Education in the Post Lake View Era

Post Lake View Cover

When Keith A. Nitta, then of the University of Arkansas Clinton School of Public Service, and I developed our 2008 study “Arkansas Education in the Post-Lake View Era: What Is Arkansas Doing to Close the Achievement Gap?,” Arkansas was just emerging from the dramatic alterations in state education policy created by the adequacy and equity litigation in the landmark Lake View cases.

That report served two roles: to celebrate the achievements of state policy leaders from all three branches of government and to urge those leaders to build on that momentum and tackle the persistent inequities in educational achievement for Arkansas’s young people.

I’m proud that the 2008 report did spur important dialogue about inequities in the opportunity to learn across Arkansas and has also been tied to some important efforts to advance policies related to out-of-school programming, school health initiatives, and continued expansion of early childhood program access.

As a new generation of policy leaders in all three branches of Arkansas’s government takes center stage in 2015, it’s important to both remind ourselves (and those leaders) of the ability of our state to create fundamental change in educational opportunities, like what happened in the Lake View era, but also that—despite efforts by advocates on the topics noted above—important gaps in educational achievement remain a reality in Arkansas and they threaten to erode the promise of that era.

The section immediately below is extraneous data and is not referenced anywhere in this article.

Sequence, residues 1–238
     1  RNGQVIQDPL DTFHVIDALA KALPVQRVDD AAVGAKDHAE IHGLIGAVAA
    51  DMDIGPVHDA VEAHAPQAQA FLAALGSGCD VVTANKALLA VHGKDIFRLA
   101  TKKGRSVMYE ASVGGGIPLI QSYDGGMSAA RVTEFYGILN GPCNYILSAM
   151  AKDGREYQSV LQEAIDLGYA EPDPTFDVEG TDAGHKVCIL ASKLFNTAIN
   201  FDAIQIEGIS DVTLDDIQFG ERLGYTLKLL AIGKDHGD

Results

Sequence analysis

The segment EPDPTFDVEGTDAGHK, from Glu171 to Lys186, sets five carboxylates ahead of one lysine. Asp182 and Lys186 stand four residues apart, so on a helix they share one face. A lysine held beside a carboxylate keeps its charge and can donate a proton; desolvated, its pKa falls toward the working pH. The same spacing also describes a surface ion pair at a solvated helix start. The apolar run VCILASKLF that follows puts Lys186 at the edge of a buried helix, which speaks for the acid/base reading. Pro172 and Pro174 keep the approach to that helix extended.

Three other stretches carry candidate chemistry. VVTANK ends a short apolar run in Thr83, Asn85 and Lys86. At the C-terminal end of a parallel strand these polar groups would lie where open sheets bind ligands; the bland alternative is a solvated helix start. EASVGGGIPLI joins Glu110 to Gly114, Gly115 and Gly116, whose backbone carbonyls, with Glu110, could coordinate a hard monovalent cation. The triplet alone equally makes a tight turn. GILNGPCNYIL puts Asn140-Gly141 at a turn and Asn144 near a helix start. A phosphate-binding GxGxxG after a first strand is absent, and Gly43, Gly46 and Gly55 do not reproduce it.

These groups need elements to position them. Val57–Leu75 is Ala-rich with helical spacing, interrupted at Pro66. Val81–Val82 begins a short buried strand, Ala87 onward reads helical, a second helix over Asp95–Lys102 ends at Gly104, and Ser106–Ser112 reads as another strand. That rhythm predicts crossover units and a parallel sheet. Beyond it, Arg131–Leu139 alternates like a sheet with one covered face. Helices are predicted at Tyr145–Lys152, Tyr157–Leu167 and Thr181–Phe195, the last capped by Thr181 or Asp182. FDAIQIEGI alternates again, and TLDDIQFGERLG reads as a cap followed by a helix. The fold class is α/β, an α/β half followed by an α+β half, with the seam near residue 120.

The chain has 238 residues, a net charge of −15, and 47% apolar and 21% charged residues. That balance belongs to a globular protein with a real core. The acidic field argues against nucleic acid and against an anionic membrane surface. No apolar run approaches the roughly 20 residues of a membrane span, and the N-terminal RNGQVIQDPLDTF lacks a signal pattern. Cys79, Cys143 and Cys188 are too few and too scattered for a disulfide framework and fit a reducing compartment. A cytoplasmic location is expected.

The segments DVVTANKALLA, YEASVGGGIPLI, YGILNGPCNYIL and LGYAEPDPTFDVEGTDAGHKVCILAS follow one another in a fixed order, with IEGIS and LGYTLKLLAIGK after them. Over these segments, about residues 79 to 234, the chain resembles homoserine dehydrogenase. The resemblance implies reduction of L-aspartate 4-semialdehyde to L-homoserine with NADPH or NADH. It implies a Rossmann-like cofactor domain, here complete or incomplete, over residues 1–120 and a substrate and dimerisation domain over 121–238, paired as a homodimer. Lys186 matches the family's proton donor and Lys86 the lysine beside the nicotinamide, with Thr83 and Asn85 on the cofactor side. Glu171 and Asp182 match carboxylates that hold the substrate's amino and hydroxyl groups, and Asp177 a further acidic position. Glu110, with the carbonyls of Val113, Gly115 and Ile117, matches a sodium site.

That’s why this updated study arrives at such a fortuitous time. It reiterates the reality that change in educational outcomes in Arkansas will not be the result of any single alteration in public policy. Instead it will come from a variety of interventions, all proven in their positive impact through high-quality research. This must occur for Arkansas’s public school system to serve as the impetus for opportunity for all of our youngsters.

I hope that, just as the 2008 study did, this update will provoke the type of dialogue and advocacy necessary to create an opportunity to learn that transcends income, race, ethnicity, and zip code in our state.

Jay Barth, M.E & Ima Graves Peace Distinguished Professor of Politics, Hendrix College; Member, Arkansas State Board of Education